Monday, May 27, 2024

Library Of Congress Goes Grid

Datamation content and product recommendations are editorially independent. We may make money when you click on links to our partners. Learn More.

Grid computing technology may soon be used to preserve such priceless
artifacts of American history as films of the Spanish-American War and
the 1906 San Francisco earthquake, the photographs of Matthew Brady and
Ansel Adams, and Walt Whitman’s notebooks.

The Library of Congress is evaluating Grid technology developed at the
San Diego Supercomputer Center to archive and preserve these works and
the Library’s other digital collections.

The Library has assembled numerous important digital collections such as
American Memory, a treasure trove of
films, recordings, photos and documents from U.S history and culture.
The collection, “rich primary source materials on the history and
culture of the United States,” contains more than 7.5 million digital
items on more than 100 topics from the collections of the Library and
other repositories. Items include encoded text, images, and audio and
video files varying in size from 25 kilobytes to 5 megabytes each, for a
total of some 8 terabytes of digital data.

Powerful data Grid technologies such as the Storage Resource Broker
(SRB) developed at the San Diego Supercomputer Center (SDSC) for
scientific computing are showing promise of being able to preserve these
digital holdings. SDSC and the Library are collaborating to evaluate the
SRB data Grid software to preserve and manage priceless national digital

“We’re interested in how the SRB can be applied to the task of building
a repository for managing Library of Congress digital holdings,” said
Martha Anderson of the Library’s Office of Strategic Initiatives.

‘Repurposing’ Collections

“We’re entering an era in which digital libraries can be used to
preserve intellectual capital,” said Reagan Moore, co-director of the
Data and Knowledge Systems program at SDSC. “And beyond preservation,
the ability to discover the information and knowledge content within
digital holdings will add even greater value to these collections.”

The researchers will investigate the capabilities of the SRB to manage
and “repurpose” Library of Congress collections. Repurposing a
collection involves giving users the ability to generate new views of
the digital holdings. For example, a user might want to gather the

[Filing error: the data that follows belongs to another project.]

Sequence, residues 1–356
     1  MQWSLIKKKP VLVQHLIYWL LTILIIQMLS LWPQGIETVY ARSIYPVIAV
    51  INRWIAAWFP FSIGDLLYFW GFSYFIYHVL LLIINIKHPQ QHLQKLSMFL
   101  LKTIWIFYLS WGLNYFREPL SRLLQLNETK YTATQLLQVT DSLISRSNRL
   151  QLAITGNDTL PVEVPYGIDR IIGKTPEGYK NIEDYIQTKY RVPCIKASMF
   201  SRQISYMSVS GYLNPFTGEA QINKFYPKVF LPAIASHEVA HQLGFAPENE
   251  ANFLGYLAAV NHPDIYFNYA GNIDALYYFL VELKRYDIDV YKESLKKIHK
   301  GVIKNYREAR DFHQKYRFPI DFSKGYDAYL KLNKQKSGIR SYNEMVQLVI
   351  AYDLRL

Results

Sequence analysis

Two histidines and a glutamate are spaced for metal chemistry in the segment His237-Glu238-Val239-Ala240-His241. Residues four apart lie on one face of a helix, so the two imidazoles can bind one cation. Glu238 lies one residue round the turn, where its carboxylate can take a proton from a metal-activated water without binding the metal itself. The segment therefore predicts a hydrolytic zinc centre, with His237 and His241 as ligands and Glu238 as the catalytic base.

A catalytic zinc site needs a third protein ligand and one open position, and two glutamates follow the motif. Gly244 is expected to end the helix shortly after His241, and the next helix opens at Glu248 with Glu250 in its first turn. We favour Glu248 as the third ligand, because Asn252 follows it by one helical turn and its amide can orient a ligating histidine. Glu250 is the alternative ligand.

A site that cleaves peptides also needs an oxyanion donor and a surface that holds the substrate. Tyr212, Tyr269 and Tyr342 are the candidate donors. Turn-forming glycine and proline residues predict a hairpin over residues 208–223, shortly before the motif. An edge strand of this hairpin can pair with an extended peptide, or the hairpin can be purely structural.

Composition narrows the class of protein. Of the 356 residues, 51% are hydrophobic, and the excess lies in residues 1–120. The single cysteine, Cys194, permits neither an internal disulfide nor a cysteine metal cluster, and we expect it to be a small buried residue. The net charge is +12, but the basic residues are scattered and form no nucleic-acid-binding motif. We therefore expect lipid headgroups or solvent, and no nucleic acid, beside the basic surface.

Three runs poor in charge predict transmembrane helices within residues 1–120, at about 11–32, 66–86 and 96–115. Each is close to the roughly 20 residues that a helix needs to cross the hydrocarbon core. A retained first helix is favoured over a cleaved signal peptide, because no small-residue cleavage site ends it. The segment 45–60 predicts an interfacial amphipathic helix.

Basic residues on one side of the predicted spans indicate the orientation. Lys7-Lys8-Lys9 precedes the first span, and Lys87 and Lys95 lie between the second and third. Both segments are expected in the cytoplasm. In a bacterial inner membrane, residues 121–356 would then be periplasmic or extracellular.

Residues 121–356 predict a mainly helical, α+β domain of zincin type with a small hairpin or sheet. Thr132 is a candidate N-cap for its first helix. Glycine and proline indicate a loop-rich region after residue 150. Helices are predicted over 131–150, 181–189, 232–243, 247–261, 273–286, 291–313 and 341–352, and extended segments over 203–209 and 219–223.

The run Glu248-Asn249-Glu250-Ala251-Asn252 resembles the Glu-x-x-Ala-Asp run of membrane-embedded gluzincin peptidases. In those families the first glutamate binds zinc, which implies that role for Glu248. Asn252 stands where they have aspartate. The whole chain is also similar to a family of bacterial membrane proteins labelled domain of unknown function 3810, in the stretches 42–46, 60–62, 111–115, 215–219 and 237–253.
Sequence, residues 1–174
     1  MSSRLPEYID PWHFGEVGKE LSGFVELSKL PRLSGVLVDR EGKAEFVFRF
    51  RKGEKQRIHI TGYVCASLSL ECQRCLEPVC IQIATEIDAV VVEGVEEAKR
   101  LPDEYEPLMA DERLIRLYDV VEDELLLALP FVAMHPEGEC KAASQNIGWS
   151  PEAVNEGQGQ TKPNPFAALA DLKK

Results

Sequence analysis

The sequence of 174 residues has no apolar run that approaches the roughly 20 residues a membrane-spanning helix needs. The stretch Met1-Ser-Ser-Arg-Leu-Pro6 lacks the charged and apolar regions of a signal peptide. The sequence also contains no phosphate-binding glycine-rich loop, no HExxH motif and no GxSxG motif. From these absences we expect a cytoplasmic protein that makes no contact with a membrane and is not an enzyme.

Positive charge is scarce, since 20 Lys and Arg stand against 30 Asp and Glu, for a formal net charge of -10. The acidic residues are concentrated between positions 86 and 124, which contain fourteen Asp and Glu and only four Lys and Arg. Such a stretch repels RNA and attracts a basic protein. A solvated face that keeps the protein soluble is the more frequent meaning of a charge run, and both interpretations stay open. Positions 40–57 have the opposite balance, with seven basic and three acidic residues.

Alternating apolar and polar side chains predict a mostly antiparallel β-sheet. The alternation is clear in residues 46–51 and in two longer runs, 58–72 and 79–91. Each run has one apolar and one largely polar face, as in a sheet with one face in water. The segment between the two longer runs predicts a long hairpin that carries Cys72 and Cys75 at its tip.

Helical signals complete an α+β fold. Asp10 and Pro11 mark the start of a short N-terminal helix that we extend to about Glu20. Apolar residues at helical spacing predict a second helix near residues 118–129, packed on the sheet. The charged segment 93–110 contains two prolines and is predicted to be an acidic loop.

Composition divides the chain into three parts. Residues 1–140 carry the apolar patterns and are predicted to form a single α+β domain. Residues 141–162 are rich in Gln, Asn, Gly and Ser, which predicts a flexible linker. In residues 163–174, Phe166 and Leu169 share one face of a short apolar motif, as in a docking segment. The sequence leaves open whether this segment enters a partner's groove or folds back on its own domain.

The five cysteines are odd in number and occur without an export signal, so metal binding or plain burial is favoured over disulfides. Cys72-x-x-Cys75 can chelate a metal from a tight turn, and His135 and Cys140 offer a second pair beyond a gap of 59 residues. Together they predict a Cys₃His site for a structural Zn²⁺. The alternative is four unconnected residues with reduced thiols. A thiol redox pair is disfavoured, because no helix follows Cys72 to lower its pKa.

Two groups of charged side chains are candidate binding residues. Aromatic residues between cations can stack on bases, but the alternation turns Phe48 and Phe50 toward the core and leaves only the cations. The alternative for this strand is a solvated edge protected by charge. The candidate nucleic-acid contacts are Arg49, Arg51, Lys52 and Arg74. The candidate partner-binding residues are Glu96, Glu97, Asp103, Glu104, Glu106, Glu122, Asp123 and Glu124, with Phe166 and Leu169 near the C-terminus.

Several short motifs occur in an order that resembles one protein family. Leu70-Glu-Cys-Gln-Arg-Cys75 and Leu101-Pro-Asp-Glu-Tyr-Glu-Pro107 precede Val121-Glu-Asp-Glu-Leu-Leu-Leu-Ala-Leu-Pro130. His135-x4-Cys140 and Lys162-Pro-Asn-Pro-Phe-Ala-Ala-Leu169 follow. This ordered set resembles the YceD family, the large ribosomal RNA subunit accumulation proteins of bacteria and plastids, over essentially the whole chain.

material in the American Memory collection that is relevant to a landing
on Mars. This material might involve NASA material on the mission and
space vehicle, Congressional material on the budget debates involving
the funding, and other material that puts the mission in historical

The collaboration will involve the installation at the Library of
Congress of the SRB software and the Metadata Catalog, which keeps track
of each digital object. Library of Congress staff will then build a test
collection and use it to evaluate the capabilities of the SRB data Grid
middleware to preserve both the collection and descriptive information
about the collection; to enable a naming convention that spans the
entire collection, no matter where its components are located; to merge
different collections seamlessly into new virtual collections; and to
control access.

Library of Congress researchers are also interested in
evaluating the ability of the SRB to interoperate with other systems
using open standards.

“We’re looking forward to the research opportunities this collaboration
will give us to understand how digital library, data Grid, and
persistent archive technologies can all be integrated in support of
preservation of digital holdings,” said Moore. “This will help extend
our ability to preserve intellectual capital.”

Subscribe to Data Insider

Learn the latest news and best practices about data science, big data analytics, artificial intelligence, data security, and more.

Similar articles

Get the Free Newsletter!

Subscribe to Data Insider for top news, trends & analysis

Latest Articles